FORMER Dubbo reinsman Tom Pay made it a successful trip home on Sunday driving a double at his former local track. Moving to Bathurst just shy of 12 months ago to work for the Mat and Gemma Rue stable, Pay was confident he would have a good day. His first win was a family affair driving the fancied JoanandI who is trained by his father Michael. Beginning out of barrier one the $1.90 favourite scored a comfortable all the way victory, winning her first race at only start number five. “I was confident in dad’s mare if she did everything right,” Pay said after the race. His next steer of the day was on the Monica Betts-trained Snoop Stride who is a regular drive of Pay’s. Although trained by Betts her daughter Phoebe spends most of her free time working the horses with ‘Snoop’ being the family favourite. “I knew it would be hard from the draw but after his last start at Penrith I was confident he’d be in the finish if the right run presented itself,” the 15-year-old said. After being taken off arm the eight-year-old gelding flew down the outside scoring a 2.8 metre victory defeating the consistent Steve Turnbull-trained Shandance NZ. “I knew Snoop would run an honest race but wasn’t sure if he’d win,” Pay said.  “Monica and Phoebe have been a great support throughout my driving career so it’s always nice to get a winner for them.” The move to Bathurst has proved to be a great opportunity for the young reinsman having been given driving opportunities from a number of trainers including Bernie Hewitt, Peter Bullock, Ashlee Grives and boss Gemma Rue. Already having driven half of his total wins from last season only nine weeks into the new one, the 2018/2019 season looks to be Pay’s best one yet.   AMY REES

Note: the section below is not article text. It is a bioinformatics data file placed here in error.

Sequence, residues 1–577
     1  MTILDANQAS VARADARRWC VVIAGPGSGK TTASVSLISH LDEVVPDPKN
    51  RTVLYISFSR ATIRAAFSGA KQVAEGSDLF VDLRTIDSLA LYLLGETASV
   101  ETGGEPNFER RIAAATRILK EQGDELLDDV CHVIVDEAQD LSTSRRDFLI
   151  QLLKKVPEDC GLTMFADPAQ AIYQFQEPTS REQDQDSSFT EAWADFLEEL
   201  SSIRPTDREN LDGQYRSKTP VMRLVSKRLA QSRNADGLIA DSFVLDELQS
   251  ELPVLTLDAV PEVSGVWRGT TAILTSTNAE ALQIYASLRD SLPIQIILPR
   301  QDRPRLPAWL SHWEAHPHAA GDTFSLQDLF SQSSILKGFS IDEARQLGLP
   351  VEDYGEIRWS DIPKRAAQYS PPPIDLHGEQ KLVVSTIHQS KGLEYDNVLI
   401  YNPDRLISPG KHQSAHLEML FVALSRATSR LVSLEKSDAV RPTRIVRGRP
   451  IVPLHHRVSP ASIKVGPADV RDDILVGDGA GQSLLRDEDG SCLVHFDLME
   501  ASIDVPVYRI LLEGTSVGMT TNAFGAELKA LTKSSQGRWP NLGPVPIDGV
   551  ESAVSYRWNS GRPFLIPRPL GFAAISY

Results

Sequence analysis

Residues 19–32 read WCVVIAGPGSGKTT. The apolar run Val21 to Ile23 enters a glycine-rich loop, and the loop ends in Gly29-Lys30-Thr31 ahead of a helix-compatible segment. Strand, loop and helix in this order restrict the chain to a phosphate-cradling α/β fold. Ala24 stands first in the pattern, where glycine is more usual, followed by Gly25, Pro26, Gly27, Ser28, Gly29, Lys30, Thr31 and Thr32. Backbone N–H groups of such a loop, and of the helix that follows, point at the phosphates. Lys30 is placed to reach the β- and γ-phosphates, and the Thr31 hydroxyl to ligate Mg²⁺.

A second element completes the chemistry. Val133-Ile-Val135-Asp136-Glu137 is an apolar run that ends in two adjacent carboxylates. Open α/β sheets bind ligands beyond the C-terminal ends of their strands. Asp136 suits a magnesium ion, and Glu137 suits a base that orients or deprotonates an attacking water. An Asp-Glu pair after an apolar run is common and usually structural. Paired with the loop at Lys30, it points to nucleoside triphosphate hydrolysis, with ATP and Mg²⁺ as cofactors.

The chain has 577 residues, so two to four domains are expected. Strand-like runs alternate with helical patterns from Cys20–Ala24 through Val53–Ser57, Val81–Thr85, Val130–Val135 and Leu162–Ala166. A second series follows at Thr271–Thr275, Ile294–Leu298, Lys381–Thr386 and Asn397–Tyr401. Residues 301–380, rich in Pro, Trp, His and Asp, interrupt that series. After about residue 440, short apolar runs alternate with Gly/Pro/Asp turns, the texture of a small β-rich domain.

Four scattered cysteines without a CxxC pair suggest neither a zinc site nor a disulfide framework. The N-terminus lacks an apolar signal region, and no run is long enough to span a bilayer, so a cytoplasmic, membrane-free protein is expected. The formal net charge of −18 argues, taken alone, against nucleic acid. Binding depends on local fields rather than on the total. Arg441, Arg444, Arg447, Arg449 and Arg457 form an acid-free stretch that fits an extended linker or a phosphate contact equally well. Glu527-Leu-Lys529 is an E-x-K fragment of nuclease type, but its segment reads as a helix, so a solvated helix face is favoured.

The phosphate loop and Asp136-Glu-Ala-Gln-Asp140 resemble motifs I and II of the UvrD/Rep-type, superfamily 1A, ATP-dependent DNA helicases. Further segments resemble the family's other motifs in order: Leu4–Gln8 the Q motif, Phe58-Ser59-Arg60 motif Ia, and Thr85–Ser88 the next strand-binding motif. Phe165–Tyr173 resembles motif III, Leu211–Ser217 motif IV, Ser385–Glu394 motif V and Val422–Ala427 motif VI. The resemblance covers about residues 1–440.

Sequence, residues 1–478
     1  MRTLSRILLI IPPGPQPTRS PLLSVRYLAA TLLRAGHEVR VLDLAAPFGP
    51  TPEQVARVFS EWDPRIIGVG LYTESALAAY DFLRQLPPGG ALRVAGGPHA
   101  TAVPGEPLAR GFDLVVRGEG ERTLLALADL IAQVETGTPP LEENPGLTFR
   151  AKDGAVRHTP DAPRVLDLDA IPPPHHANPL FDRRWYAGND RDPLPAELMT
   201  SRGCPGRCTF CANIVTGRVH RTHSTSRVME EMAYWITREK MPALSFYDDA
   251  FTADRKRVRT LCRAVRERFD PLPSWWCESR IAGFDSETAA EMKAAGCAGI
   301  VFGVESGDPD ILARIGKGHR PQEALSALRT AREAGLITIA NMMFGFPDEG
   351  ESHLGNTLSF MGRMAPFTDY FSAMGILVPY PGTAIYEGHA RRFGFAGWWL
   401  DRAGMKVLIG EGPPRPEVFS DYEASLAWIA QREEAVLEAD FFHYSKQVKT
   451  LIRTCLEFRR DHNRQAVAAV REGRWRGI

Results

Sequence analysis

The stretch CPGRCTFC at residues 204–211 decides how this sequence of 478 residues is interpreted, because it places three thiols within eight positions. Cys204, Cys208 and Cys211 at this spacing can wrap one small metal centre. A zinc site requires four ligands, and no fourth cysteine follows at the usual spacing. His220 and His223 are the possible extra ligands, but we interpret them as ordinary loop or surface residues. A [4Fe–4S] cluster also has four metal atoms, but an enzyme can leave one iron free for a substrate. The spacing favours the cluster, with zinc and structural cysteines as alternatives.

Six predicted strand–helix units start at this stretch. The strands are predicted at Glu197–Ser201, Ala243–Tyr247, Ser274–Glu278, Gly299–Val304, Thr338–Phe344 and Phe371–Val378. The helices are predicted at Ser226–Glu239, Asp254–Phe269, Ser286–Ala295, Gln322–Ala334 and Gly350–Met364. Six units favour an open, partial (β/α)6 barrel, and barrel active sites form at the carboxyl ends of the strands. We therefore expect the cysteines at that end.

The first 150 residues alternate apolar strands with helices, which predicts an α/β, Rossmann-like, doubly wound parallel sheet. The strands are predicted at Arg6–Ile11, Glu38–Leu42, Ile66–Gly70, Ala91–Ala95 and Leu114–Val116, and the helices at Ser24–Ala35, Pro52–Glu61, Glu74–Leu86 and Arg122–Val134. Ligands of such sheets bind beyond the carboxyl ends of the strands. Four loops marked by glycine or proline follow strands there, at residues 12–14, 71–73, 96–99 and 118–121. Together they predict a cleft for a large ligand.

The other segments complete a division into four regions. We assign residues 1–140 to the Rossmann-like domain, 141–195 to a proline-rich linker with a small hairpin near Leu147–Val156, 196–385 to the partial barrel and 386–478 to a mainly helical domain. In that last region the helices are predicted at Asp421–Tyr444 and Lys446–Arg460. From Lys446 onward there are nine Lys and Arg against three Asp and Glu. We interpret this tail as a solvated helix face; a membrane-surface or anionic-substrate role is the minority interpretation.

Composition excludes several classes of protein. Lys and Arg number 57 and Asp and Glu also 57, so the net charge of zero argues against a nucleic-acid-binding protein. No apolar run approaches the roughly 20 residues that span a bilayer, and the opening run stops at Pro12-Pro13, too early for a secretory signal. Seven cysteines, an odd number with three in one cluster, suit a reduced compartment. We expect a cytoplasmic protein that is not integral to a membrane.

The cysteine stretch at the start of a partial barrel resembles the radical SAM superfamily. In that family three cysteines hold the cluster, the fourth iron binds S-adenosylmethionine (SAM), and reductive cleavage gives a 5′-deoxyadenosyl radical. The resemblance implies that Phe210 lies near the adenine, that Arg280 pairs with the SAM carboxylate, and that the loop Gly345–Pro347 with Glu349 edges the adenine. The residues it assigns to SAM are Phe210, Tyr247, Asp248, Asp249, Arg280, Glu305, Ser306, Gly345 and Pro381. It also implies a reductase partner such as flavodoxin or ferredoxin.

ALL of the action took place inside the Clubhouse when the awards for last season were presented at a highly enjoyable Gold Crown Paceway function last Friday. Guests included Harness Racing New South Wales Chairman Rod Smith, Board Member Peter Nugent, Bathurst Regional Council Mayor Cr Graeme Hangar and NSW Owners Association representatives Peter and Marie Neil, the current Gold Crown Honourees. The Chairman, in a brief address, touched on several current topics:  the $200,000 funding increase for the Gold Crown (which will provide four Group 1 finals in 2019, for the first time);  the decision to stage a  Group 1 series for both four and five-year-olds at Wagga next season (eligibilty for horses which were paid up as juveniles for the Bathurst Gold Crown) ; and the extension of the current drought assistance to participants. He then made the presentation for Trainer of the Year to Steve Turnbull, who trained 63 winners, including five trebles, 15 doubles and Group wins with Art Series in the Gold Bracelet and NSW Regional Final. Steve’s children Amanda and Mitchell completed a family trifecta of major premierships, by taking out the Senior and Junior Driver of the Year Awards respectively, to the evident pride and delight of their grandfather 'A.D.' Tony Turnbull, the legend himself. Amanda’s 49 winners included five winners at one meeting, back in October 2017, the Soldiers Saddle Final, Oberon Cup, Sales Graduate Final and both feature wins by Art Series. In making the presentation to Amanda, Mayor Hangar recalled his days as a teacher at Kelso High School, reminding Amanda that she still owed him a history assignment from back in Year Nine! Amanda’s focus then was clearly on the future, and not writing about the past, and nothing’s changed since. Mitchell was dux of a very strong class of Bathurst junior drivers  - the likes of McKayler Barnes, Justin Reynolds, Doug Hewitt and Jake Davis - with 17 wins for the season, which included a treble and several doubles. Three of his wins came courtesy of the Bathurst sprint lane. HRNSW Board Member Peter Nugent made presentations for Horse and Juvenile Horse of the Year and UDR Trainer and Driver of the Year. Bathurst couple Lester and Linda Hewitt accepted the trophy and rug for Horse of the Year. What A Jolt, a four-year-old Village Jolt gelding, registered seven wins during the season, including three consecutively at one point. Hewitt paid tribute to driver John O’Shea, who formed a strong connection with the horse, using his brilliant gate speed to advantage many times. Jenny Turnbull, mother of Amanda, received the award for Juvenile Horse of the Year Shoobee Doo. The two-year-old Shoobees Place colt lined up at Bathurst seven times for four wins, which included heat and final of the Graeme Board Sales Graduate series, and a heat of the NSW Breeders Challenge. Bathurst was a regular destination for a number of metropolitan stables last season, including KerryAnn Turner and Robbie Morris from Menangle, and the UDR Trainer and Driver winners, Cobbity-based Craig Cross and Luke McCarthy. Luke drove a winner every 2.9 starts, including a number for other stables, while Craig was successful every 3.6 starts, with winners such as Majestic American, Blackened, Rocknroll Dude, Zahven Banner and Darkershadeofpale. With Craig and Luke lining up with  Mach Doro in the following night’s Victoria Cup, the awards were collected on their behalf by Matt McCarthy, a Bathurst HRC director and the uncle of Luke. Jake Davis, likewise, represented his grandparents Ray and Pat Davis in accepting their Owner of the Year award from NSWSOA representative Marie Neil. The Davis family milk 650 cows twice a day at their Browns Creek dairy near Blayney, yet still find time to race a nice team of horses, mainly at Bathurst, the likes of Browns Creek Boy, Studleigh Kristen and two-year-old winners Nifty Studleigh and Rainbow Comet. Jake, who expresses a hope of making a full-time career in harness racing, does most of the stable driving, alongside father Leigh and uncle Brett. Art Major was acknowledged as the leading sire of winners at Bathurst, with 28 individual winners during the season. Bernie Hewitt, runner-up in the Trainer and Senior Driver premierships, was acknowledged for his achievement in winning his first Bathurst Gold Crown, with College Chapel, and spoke about the outstanding season for the youngster, finishing with his hopes for the coming season. Which was possibly the thought uppermost in most minds as folk headed home after this year’s awards.   Terry Neil